Jim Labadie is a fitness entrepreneur, publicity expert and speaker. To learn how to pitch to a producer, develop relationships with print reporters, avoid the biggest publicity mistake personal trainers make and much more, sign up for his free mini-course on publicity for fitness professionals at www.howtogetmorepublicity.com
As a personal trainer you have one job above all others: create walking, talking billboards out of the members who are your clients. Working under the assumption that you are excellent at what you do (of course), bringing in a steady stream of referrals is relatively easy. Just follow these simple steps:
1.Have a discussion with your clients regarding the service you’re providing. Are they happy with their results? It is very important for the clients to hear themselves saying how thrilled they are with their new body. Let them explain, in detail, how much they are enjoying being able to fit into their skinny jeans or hearing compliments from their friends and family.
Why do this? Because it creates the perfect time to educate your clients on your referral system. By saying out loud how happy they are, the client becomes especially receptive to the idea of sending business your way.
2. Educate your client so that they know what your ideal client looks like. Essentially what you will be doing is painting a picture to them of what they were like when they first started training with you. The saying “birds of a feather flock together” almost always holds true. You can bet your client knows people in the exact same physical condition with the same fitness goals as they started with.
It’s also important that your client knows to look for people who can afford your services and are willing to come to your facility. No one has time to waste these days, so don’t waste yours, your client’s or the prospect’s by trying to land a client who will never pay your rates or isn’t willing to travel the distance to see you.
3. Educate your client as to where they may find referrals. This is extremely important because if you don’t tell them where to pull from, they may only think to refer their friends or family members. Let them know that potential referrals are everywhere. They might be someone they work with, someone that goes to their church or temple, someone they see where they get their hair done, the parent of one of their children’s friends, etc. It’s endless. The important thing is to jog their memory so that their mind is open to all possibilities.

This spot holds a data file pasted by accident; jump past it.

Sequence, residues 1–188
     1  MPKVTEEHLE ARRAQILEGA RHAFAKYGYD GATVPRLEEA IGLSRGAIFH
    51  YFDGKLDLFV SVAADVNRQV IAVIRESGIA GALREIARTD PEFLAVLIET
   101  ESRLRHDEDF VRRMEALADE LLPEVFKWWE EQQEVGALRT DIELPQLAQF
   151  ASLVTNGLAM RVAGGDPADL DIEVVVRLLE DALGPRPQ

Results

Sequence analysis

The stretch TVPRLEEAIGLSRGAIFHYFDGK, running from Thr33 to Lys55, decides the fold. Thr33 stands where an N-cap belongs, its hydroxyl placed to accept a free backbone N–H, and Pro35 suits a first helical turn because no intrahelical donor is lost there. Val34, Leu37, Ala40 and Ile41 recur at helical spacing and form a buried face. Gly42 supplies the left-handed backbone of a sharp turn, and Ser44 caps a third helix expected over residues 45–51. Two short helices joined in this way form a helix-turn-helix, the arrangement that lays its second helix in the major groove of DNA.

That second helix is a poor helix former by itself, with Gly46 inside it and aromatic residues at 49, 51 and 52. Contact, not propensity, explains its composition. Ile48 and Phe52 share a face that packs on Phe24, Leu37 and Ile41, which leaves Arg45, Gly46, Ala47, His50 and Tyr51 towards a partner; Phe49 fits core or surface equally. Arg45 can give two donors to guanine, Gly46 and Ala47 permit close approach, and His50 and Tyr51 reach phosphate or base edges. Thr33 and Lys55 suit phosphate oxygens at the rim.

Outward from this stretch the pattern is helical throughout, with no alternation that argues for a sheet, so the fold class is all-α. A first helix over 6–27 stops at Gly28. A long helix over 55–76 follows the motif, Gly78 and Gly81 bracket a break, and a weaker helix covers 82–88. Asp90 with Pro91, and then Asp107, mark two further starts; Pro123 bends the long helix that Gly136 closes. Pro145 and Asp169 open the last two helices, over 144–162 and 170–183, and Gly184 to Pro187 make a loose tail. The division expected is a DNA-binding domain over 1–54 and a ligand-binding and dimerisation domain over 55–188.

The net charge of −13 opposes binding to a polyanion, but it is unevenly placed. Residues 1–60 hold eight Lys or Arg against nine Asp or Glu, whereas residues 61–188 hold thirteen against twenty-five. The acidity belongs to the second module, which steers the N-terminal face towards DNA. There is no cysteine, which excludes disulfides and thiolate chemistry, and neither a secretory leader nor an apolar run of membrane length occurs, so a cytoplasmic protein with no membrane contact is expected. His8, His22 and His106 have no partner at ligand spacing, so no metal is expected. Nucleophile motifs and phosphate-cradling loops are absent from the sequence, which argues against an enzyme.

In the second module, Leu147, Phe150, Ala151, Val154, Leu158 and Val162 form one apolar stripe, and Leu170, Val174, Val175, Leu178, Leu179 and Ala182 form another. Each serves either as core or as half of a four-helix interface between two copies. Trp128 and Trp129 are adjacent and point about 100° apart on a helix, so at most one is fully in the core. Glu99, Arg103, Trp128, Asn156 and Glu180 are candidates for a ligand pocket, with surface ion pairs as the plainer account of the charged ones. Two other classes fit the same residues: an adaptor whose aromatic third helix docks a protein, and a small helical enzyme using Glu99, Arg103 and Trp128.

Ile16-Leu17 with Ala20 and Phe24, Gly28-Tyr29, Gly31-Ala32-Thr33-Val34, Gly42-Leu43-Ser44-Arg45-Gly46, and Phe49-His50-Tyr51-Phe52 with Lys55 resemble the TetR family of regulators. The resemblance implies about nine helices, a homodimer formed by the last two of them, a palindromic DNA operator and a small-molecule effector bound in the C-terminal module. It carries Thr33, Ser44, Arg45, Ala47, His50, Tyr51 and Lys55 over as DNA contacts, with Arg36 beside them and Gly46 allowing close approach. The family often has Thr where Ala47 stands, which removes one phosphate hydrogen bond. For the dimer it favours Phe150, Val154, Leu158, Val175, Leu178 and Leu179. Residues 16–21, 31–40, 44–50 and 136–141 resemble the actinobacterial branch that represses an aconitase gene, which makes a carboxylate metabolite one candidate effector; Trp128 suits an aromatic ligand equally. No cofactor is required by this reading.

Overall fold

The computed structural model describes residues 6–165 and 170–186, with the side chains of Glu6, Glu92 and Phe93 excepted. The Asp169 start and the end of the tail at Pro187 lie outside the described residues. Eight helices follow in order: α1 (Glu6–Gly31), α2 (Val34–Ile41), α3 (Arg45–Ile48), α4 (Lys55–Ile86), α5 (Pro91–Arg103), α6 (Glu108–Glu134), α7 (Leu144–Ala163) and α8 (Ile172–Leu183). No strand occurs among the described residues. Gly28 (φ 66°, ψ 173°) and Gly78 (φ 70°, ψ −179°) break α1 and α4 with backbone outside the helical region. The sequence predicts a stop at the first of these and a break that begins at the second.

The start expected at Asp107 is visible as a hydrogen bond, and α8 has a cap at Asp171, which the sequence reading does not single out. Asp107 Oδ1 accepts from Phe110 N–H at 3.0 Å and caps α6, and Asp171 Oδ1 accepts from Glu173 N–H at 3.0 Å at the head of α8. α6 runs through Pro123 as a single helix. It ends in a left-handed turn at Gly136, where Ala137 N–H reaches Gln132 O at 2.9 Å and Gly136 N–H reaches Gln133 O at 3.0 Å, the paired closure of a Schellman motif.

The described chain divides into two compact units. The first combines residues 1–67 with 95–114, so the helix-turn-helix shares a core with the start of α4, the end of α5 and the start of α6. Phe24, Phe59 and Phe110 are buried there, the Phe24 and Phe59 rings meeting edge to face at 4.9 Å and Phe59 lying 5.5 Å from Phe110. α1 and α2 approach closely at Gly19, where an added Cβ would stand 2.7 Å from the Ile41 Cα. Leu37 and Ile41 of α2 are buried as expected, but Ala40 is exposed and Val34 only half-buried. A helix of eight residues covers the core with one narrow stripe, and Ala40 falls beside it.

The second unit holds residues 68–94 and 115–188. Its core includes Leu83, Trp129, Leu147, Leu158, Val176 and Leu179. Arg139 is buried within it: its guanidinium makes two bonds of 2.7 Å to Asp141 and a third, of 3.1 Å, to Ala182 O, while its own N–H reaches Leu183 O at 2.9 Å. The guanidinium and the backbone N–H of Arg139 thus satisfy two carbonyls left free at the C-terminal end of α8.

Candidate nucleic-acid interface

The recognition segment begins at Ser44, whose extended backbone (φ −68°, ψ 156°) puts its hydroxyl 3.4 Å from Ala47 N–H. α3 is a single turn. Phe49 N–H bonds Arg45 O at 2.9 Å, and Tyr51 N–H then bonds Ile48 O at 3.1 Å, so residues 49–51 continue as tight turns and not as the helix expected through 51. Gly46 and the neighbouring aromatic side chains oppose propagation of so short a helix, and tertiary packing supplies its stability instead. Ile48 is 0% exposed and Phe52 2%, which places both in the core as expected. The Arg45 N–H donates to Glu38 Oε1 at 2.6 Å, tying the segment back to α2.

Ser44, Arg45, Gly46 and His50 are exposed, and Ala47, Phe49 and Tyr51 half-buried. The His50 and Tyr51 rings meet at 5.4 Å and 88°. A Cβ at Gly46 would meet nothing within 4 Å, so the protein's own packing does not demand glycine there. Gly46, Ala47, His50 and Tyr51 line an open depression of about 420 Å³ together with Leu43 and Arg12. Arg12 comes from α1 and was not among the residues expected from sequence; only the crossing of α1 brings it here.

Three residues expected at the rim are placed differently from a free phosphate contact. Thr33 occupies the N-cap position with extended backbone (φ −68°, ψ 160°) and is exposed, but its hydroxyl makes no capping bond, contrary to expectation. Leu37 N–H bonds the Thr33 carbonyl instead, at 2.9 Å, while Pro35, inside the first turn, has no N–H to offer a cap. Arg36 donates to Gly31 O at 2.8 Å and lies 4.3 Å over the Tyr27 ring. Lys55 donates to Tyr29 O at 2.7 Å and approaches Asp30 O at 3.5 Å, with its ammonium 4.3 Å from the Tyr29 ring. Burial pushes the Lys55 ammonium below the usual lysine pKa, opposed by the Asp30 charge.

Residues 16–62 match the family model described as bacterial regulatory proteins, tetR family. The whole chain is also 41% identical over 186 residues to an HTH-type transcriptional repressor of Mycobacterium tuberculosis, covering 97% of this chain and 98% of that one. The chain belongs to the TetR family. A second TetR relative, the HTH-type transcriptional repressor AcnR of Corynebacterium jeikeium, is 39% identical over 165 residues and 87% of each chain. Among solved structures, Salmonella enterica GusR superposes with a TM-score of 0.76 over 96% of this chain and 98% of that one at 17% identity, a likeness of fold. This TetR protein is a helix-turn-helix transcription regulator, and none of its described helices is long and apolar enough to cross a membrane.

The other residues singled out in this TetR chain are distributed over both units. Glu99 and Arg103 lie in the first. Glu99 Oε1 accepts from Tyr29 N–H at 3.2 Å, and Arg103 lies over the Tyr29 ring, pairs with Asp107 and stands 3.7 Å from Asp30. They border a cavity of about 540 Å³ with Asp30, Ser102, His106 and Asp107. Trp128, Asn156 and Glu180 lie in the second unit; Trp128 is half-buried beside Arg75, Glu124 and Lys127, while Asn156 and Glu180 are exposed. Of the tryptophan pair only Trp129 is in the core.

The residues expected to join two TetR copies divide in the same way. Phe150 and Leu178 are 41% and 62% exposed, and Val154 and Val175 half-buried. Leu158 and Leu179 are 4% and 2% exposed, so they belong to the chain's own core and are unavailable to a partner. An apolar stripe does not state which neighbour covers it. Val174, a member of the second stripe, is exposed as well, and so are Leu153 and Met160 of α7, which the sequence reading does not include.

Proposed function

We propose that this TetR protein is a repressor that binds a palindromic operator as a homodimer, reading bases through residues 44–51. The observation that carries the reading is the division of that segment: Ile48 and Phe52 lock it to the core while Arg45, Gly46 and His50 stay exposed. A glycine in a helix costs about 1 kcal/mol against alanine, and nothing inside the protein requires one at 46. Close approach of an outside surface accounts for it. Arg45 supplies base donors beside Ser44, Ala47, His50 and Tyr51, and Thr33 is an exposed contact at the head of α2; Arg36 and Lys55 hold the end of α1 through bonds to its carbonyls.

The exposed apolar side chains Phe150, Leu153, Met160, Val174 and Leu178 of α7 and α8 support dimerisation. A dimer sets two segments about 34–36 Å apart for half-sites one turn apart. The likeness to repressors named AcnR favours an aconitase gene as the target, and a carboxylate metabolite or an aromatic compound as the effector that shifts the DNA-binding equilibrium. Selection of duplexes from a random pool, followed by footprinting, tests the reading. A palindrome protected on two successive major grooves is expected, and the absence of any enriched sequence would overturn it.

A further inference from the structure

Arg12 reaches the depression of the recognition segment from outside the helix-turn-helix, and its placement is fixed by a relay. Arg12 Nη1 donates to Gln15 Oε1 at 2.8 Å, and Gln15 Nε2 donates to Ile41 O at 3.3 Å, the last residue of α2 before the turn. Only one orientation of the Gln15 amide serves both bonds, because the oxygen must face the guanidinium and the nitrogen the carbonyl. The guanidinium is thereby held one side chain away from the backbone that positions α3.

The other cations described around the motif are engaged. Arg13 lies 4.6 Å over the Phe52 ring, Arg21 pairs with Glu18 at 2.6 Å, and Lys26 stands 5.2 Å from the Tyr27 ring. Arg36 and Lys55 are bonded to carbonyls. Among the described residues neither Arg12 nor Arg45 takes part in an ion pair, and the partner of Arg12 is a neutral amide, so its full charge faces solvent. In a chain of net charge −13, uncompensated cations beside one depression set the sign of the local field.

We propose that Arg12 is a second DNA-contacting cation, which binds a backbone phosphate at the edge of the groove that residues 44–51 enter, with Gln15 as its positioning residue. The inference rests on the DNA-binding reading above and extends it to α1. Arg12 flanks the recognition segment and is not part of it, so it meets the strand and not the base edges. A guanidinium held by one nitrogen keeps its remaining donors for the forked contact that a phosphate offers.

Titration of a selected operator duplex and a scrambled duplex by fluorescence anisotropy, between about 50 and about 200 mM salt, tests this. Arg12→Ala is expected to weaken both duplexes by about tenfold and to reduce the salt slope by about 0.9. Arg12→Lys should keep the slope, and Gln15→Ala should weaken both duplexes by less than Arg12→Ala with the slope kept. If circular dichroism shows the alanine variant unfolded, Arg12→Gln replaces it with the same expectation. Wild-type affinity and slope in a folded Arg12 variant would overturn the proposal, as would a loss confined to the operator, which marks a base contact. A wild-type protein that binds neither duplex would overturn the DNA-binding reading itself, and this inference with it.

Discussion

4. Educate your clients on how to talk about your service to prospects. Nobody can promote your business for you as well as your paying clients. Tell them to feel free to tell the referral everything about you. Be sure they emphasize the results they are seeing. When you rave about how great you are at getting your clients results, it can come across as pompous. But when your client does it, it’s great marketing.
Feel free to even have your client tell prospects about your fees. If, by chance, the client doesn’t feel comfortable discussing what they pay you, don’t push the subject. But most won’t give it a second thought. In fact, most clients are more than happy to brag about all they’ve accomplished.
5. Be proactive in contacting referrals. Whenever possible, initiate the conversation with the prospect. If you wait for them to call you, you may be waiting a very long time. When educating your client on referrals, let them know that if they’d like the person they refer to take action and change their life as soon as possible, it’s best if you contact them directly.
6. Use thank-you cards and gifts to create a steady stream. Human behavior is highly predictable. And in this case, it’s important to realize that when you reward referrals, you’ll receive more of them—lots more. So, be sure to send a handwritten thank-you card immediately after the discussion you have about referrals. Thank them for listening and their patronage. Also thank them in advance for the referrals they will send you.
Additionally, send a handwritten thank-you note each time your client makes even the smallest mention of a potential referral. It might seem amazing, but even the slightest recognition of the behavior will inspire people to repeat it so that they are rewarded again. Think about it: Who takes the time to write a thank-you card by hand these days? That’s why they go such a long way in building rapport with your clients.
Finally, when the system works and you land that new paying client, send a small gift to the referrer. A small plant or other festive decoration sent to a client’s office will not only be greatly appreciated by them but will also have co-workers asking where it came from. I’m confident you can see the value in that.